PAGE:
The Gender Gap in Universities

As Professor Cynthia Enloe had mentioned in an interview I had with her a few months ago, very few women went to college when she did in the 1960’s. That may seem obvious to us as many schools in that time were schools only for men. As time passed, more and more women started going to school and some universities became co-ed, but women were still a staggering minority. But if you take a minute to look around you on campus you may notice quite a few more women than men. This is true of most private universities where the male to female ratio is 60 to 40. Women started to overtake men in obtaining bachelor’s degrees in the late 1990’s. Obviously the reasons for not completing undergraduate college may be different for everyone, but why the sudden change?

gender gap

Even though there are more women than men completing undergraduate universities these days, there are is still a gap in pay between men and women in the workplace. There are still more men than women in government,  and in the fields of finance, math and technology.  There are fewer women in government careers than men and the highest paying jobs in the US are still dominated by men in the United States.   This increase in female post-secondary education has not been reflected in the job market. In fact, some people believe that the inequality in the job market is one of the reasons that there are fewer male students in universities. As our generation faces building economic pressures, increasing cost of college, and a very competitive job market, many men are opting out of an undergraduate degree. In a recent study called “Gender, Debt, and Dropping Out of College”, the researchers stated that more men are dropping out because they don’t want to take on the financial debt of college. Men without an undergraduate degree don’t suffer a great difference in terms of entry-level wages, as opposed to women who do not complete their undergraduate education, are at a big disadvantage. Men who do receive their undergraduate diploma do benefit economically, in the long run, over men who don’t finish their degree.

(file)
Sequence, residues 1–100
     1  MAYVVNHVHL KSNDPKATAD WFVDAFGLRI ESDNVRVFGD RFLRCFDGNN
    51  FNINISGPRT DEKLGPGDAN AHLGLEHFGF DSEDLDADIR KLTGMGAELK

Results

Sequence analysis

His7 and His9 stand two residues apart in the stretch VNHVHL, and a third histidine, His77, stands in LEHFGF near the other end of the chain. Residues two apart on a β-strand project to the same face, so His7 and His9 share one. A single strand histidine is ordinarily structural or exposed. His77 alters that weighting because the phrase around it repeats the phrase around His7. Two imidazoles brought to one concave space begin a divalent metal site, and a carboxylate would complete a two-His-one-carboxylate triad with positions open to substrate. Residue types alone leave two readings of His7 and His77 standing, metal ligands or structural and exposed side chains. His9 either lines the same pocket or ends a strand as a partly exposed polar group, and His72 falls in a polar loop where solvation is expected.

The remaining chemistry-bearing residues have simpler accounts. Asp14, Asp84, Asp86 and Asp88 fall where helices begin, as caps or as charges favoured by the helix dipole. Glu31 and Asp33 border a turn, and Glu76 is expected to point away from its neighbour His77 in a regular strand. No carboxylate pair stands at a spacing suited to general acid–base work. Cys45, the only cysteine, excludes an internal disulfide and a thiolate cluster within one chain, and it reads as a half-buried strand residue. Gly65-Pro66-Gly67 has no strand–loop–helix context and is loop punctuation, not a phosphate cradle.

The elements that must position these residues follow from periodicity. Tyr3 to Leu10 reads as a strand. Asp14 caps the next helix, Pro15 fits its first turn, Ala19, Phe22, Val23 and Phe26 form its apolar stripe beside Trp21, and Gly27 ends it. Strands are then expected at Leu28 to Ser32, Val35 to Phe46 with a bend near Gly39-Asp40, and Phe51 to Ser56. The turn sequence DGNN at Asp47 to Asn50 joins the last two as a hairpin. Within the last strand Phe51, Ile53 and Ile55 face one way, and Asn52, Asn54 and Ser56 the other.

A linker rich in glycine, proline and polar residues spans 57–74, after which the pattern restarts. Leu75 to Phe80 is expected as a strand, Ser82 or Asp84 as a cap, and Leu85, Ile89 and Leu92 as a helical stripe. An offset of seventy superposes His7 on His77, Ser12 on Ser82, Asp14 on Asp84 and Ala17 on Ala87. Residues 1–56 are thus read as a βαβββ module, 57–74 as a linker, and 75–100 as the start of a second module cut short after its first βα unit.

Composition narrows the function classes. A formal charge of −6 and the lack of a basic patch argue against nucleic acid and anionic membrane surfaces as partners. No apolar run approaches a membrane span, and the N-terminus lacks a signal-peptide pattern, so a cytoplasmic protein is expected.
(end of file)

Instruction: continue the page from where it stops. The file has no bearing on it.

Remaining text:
Women in Universities tend to study subject matters that are not valued in the job market such as social sciences, arts, and the humanities. Whereas, typically masculine majors such as science, math, and technology, lead to much higher paying jobs. Jobs that we tend to think of as feminine such as nursing, teaching, and social work pay quite a bit less than typically masculine jobs. Those men who get degrees in typically masculine majors and proceed to get typically masculine and, therefore, higher paying jobs.

The wage gap still exists and typically feminine jobs are still not valued as highly financially. As more women are getting their undergraduate degrees, our society is moving toward equality, but there is still a lot of work to be done.



Disclaimer: I have not taken courses on gender analysis, so I cannot pretend to be an expert on this subject matter. If anyone with more gender analysis background is willing to shed more light on this matter, I would love to hear your input.

-Annalise Kukor


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